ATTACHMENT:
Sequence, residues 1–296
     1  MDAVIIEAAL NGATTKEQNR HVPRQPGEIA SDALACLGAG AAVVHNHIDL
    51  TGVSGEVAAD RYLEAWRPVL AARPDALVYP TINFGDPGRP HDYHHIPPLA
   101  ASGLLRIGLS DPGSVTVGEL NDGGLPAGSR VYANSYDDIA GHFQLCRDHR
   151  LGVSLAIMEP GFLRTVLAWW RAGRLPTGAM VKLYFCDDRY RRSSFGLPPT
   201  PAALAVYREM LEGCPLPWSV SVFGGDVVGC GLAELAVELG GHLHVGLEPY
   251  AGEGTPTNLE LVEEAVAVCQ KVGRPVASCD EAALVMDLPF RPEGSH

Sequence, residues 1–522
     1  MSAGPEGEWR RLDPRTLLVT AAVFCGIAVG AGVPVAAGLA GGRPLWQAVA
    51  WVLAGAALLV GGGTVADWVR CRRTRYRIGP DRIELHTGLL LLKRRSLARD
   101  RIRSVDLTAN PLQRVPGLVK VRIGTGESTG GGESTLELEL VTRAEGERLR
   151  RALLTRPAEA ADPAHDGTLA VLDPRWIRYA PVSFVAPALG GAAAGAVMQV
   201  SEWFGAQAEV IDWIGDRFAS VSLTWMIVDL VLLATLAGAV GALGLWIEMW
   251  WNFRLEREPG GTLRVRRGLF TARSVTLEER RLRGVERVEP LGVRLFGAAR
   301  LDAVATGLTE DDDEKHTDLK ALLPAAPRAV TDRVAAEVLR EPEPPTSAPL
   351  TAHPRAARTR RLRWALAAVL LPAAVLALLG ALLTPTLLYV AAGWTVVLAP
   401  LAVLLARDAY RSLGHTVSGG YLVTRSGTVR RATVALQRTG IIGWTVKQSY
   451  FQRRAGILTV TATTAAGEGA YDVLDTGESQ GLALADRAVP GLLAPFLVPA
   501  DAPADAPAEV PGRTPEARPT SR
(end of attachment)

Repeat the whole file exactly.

Sequence, residues 1–296
     1  MDAVIIEAAL NGATTKEQNR HVPRQPGEIA SDALACLGAG AAVVHNHIDL
    51  TGVSGEVAAD RYLEAWRPVL AARPDALVYP TINFGDPGRP HDYHHIPPLA
   101  ASGLLRIGLS DPGSVTVGEL NDGGLPAGSR VYANSYDDIA GHFQLCRDHR
   151  LGVSLAIMEP GFLRTVLAWW RAGRLPTGAM VKLYFCDDRY RRSSFGLPPT
   201  PAALAVYREM LEGCPLPWSV SVFGGDVVGC GLAELAVELG GHLHVGLEPY
   251  AGEGTPTNLE LVEEAVAVCQ KVGRPVASCD EAALVMDLPF RPEGSH

Sequence, residues 1–522
     1  MSAGPEGEWR RLDPRTLLVT AAVFCGIAVG AGVPVAAGLA GGRPLWQAVA
    51  WVLAGAALLV GGGTVADWVR CRRTRYRIGP DRIELHTGLL LLKRRSLARD
   101  RIRSVDLTAN PLQRVPGLVK VRIGTGESTG GGESTLELEL VTRAEGERLR
   151  RALLTRPAEA ADPAHDGTLA VLDPRWIRYA PVSFVAPALG GAAAGAVMQV
   201  SEWFGAQAEV IDWIGDRFAS VSLTWMIVDL VLLATLAGAV GALGLWIEMW
   251  WNFRLEREPG GTLRVRRGLF TARSVTLEER RLRGVERVEP LGVRLFGAAR
   301  LDAVATGLTE DDDEKHTDLK ALLPAAPRAV TDRVAAEVLR EPEPPTSAPL
   351  TAHPRAARTR RLRWALAAVL LPAAVLALLG ALLTPTLLYV AAGWTVVLAP
   401  LAVLLARDAY RSLGHTVSGG YLVTRSGTVR RATVALQRTG IIGWTVKQSY
   451  FQRRAGILTV TATTAAGEGA YDVLDTGESQ GLALADRAVP GLLAPFLVPA
   501  DAPADAPAEV PGRTPEARPT SR